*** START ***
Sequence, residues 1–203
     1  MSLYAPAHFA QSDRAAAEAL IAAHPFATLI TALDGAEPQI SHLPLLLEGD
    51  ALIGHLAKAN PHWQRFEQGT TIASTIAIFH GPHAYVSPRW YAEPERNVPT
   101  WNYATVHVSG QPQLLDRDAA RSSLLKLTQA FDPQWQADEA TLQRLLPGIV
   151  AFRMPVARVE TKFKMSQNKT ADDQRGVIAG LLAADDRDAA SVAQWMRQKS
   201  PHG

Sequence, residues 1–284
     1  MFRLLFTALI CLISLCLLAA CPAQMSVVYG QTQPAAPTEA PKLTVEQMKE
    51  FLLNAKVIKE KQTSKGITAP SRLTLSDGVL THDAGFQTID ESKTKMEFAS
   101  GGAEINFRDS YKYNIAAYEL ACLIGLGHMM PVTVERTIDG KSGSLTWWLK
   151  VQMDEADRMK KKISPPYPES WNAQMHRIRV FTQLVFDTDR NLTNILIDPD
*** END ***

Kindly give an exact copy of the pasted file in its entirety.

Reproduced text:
Sequence, residues 1–203
     1  MSLYAPAHFA QSDRAAAEAL IAAHPFATLI TALDGAEPQI SHLPLLLEGD
    51  ALIGHLAKAN PHWQRFEQGT TIASTIAIFH GPHAYVSPRW YAEPERNVPT
   101  WNYATVHVSG QPQLLDRDAA RSSLLKLTQA FDPQWQADEA TLQRLLPGIV
   151  AFRMPVARVE TKFKMSQNKT ADDQRGVIAG LLAADDRDAA SVAQWMRQKS
   201  PHG

Sequence, residues 1–284
     1  MFRLLFTALI CLISLCLLAA CPAQMSVVYG QTQPAAPTEA PKLTVEQMKE
    51  FLLNAKVIKE KQTSKGITAP SRLTLSDGVL THDAGFQTID ESKTKMEFAS
   101  GGAEINFRDS YKYNIAAYEL ACLIGLGHMM PVTVERTIDG KSGSLTWWLK
   151  VQMDEADRMK KKISPPYPES WNAQMHRIRV FTQLVFDTDR NLTNILIDPD